Article by Cordy Griffiths, CEO of tech agency Ballou 

female leader, women leading the wayAs we approach International Women’s Day it is very disheartening to write, at the start of the 2021, that one third of Britain’s biggest companies have missed the target set by a government-backed review to increase the number of women on their boards. 

The Hampton-Alexander review, launched in 2016, which called for 33% of board seats at FTSE 350 companies to be occupied by women at the end of 2020, has announced that a third of those companies have failed to meet, what is surely not, an ambitious target.   The independent report of the gender gap in the FTSE 350, produced by The Pipeline, the organisation that serves FTSE 100 companies across all sectors to promote hundreds of female executives, also makes depressing reading.

33 companies in the FTSE 100 have boards in which women make up less than a third of its members.  Only four companies in the FTSE 100 have more women in leadership positions than men.  When we get to the FTSE 250, things get even more pessimistic in terms of female representation.

At Ballou, we have a healthy gender representation within the organisation, as you would expect from a company with a female founder and a female CEO.  This puts us in the minority; only 3.7% of companies have female CEOs, down from 4.6% two years ago.

The old “male, pale and stale” stereotype of British company boards and executive committees is proving hard to dislodge, despite the fact that companies with 25% or more women on their executive committees achieve an impressive 16% net profit margin, 10% higher than businesses without a woman on their executive committees.   So, if we know that gender diversity makes sense on every level, what is stopping companies from stepping up and making the change?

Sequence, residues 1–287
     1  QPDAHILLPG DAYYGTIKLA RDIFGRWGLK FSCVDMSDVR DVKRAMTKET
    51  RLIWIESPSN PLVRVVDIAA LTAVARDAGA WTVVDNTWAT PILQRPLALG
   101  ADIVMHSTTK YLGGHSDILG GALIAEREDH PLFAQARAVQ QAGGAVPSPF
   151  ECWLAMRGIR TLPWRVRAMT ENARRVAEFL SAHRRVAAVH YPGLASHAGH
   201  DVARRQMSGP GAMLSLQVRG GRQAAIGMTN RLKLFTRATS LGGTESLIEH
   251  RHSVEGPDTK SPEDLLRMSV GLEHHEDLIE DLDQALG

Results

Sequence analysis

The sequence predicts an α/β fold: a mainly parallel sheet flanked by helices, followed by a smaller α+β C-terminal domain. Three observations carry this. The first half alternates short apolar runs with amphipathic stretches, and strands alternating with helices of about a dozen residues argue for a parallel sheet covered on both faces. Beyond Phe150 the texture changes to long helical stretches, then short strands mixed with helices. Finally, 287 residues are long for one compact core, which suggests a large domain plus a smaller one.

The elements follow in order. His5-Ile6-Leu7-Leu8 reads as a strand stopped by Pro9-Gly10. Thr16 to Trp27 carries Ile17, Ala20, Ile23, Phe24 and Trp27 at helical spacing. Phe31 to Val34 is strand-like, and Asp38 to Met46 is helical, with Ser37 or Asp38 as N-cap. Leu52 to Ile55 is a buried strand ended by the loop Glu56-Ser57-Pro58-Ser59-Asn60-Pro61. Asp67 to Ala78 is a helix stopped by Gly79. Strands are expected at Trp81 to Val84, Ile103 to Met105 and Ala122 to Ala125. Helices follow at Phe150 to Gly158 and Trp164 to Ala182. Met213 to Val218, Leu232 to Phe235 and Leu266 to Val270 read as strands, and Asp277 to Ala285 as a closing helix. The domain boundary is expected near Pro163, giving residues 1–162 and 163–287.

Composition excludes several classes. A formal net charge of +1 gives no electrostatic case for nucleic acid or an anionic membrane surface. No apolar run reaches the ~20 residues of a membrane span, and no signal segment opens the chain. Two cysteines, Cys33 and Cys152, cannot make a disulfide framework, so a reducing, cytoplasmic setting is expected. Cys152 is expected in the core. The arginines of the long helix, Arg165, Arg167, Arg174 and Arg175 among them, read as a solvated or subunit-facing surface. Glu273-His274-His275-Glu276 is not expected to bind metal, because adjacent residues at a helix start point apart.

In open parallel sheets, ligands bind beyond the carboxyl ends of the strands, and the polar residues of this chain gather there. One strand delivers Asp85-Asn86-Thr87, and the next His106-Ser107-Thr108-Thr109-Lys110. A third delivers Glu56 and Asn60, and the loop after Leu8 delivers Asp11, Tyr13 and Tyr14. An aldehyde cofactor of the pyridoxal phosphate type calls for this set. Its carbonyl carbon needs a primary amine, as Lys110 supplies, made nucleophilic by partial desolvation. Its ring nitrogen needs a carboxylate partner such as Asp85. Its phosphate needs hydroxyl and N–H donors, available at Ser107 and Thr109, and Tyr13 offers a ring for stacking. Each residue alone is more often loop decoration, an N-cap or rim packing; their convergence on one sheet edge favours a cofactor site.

Putting women on boards and executive committees is not egalitarian lip-service.  Companies fare better with more women in senior roles.  And if you think gender-parity can wait before you start to take action, think about this; at our current rate of progress, it will be almost 2090 before executive committees achieve gender parity.  Is this what we want for our sons and daughters at work?

History shows us that the only way to achieve parity is by monitoring, mentoring and promoting women out of the middle management tier and obtaining male buy-in to doing so.  Gender parity has to be kept front of mind.  An “oh well, it’s just turned out like that” attitude with a shrug of the shoulders just maintains the status quo.  It’s only by making a conscious effort we can change this situation.  The increased visibility of women in international politics must surely start to adjust any lingering negative perceptions about women working at a high level. What puzzles me is why the body of evidence pointing toward greater success with more women involved at board level is not enough to motivate companies to change?

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